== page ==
History of WLAUMC

OUR HERITAGE: Founders

WLAUMC founders

On May 15, 1930, six dedicated men chartered what now is the West Los Angeles United Methodist Church. These founding fathers are shown below. Mr. and Mrs. Shichiro Hashimoto were also instrumental in the chartering process.

Sadakichi Mizue, Isamu Nakao, Gisuke Sakamoto, Genji Nagayama, Rev Otoe So, Ushitaro Yagi, Ichiki Misao


Strength and Purpose: Through a long period of Adversity

•1913 California Alien Land Law passed. Prohibited Japanese from owning land. Permitted leases for no longer than 3 years.
•1915 Central Japanese Association of Southern California was formed
•1920 California Alien Land Law strengthened, leasing land no longer allowed
•1924 Natural Original Act and Asian Exclusion Act. Immigration of Asians stopped
•1925 Supreme Court rules that a Japanese person cannot be naturalized
•1927 Restrictions on Japanese schools ruled unconstitutional
•1929 Sawtelle Japanese Language School opens (now Japanese Institute of Sawtelle)
•1929 Japanese American Citizens League (JACL) Formed
•1929 October – Stock Market crashed. The Depression begins
•1930 Women in Japan given the right to vote
•1941 Japanese Americans Imprisoned or Interned under Executive Order 9066


History of West Los Angeles UMC: Reverend Otoe So
ReverendOtoeSo

The first minister of the West Los Angeles Community Methodist Church was Reverend Otoe So. With the assistance of Drs. Frank Herron Smith and Paul Waterhouse, Reverend So was recruited and appointed.  Reverend So came to West Los Angeles from Oxnard. He was welcomed to our church on July 5, 1930. This would be 8 days before the first service. The first parsonage was a rented house located at 2153 Stoner Avenue.   Under the leadership of Reverend So and the outstanding effort of the pioneer members of our church, the congregation and church activities expanded to the point that a full-time church building was needed. Luckily a vacant commercial warehouse building at 1700 Sawtelle Boulevard was available and was leased in July 1931. Reverend So provided leadership for 3 years. At the June 1933 Annual Conference in Berkeley, Reverend Juhei Kono was appointed as the second minister and Reverend So was transferred to Tacoma Washington. This photo is is captioned as “5 miles South of Redondo Beach”. Reverend So is shown here with his camera and hat. The young ladies are from the Yagi and Mizue, and One Sakamoto is on the right. The date is circa 1930-33. The probable location of this photo may be at White’s Point, San Pedro. This was the location of a Japanese Spa and Hotel.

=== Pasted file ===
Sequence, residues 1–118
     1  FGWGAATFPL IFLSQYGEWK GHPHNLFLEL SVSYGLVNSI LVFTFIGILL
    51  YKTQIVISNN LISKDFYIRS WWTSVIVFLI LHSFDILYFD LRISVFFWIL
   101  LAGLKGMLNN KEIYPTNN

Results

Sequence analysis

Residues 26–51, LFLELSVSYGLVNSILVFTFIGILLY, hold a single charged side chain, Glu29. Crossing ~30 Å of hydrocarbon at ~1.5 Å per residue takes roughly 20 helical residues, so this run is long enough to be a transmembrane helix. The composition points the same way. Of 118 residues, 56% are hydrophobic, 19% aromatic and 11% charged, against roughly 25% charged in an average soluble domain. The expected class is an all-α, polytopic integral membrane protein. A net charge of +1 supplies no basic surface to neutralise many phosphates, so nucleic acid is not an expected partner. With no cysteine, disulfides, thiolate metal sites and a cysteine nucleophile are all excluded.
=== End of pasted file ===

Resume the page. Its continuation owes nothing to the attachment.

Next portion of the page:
Japanese American Heritage at West Los Angeles Community Methodist Church

Honda-WLAUMC
WLAUMC heritage
Hidee Hashimoto, Diane Kimura, Glendine Watanabe, Julie Hamachi, Julie Hamachi, Julia Araishi, Juliet Marause


West LA UMC Sunday


Sunday School Classes from the Mid 1950’s

These photos are taken on the lawn in front of the social hall. The old church sign can be seen behind the class. The old two story house is in the background.

West Los Angeles United Methodist Church Sunday School
Back: Morimoto, Noda, Kaizuka Saito, Okubo
Front: Setoguchi, Nakanishi, Saito, Kame, Mitsuida, Itami
WLAUMC sunday school
Back: Toji Hashimoto, Yosh Setoguchi, Dick Tamiya Bryan Ota, Stanley Harada, Ron Saito, Akagi, Rose Honda, Taye Noda.
Middle Irene Fukuhara, Janet Ohno, Linda Okubo, Edith Ann Kimura, na, Nancy Tominaga, Elsie Tominaga
Front Bruce Itami, na, Frank Miyake, Shig Ota, Mitsuida, Kenzo Okubo


West Los Angeles Community Methodist Church Families – Circa 1952

WLAUMC Family
From Left to Right: Ono Family – Dean, David, Bobby, Rose, Roy; Ruth Miyada, Haru Nakata, Aki and Linda Yagi, Sakamoto Family – George, Aki, Fred, Barry, Randy; Mike lkuta.


Meet the Atomettes: a Nisei girls club

The Nisei Social World in Los Angeles

In “City Girls: The Nisei Social World in Los Angeles, 1920-1950,” UCLA historian Valerie Matsumoto describes a vast network of clubs that helped Japanese Americans girls weather racism and exclusion in the years before and immediately after World War II. Some of the groups, like the Atomettes of West Los Angeles, still meet.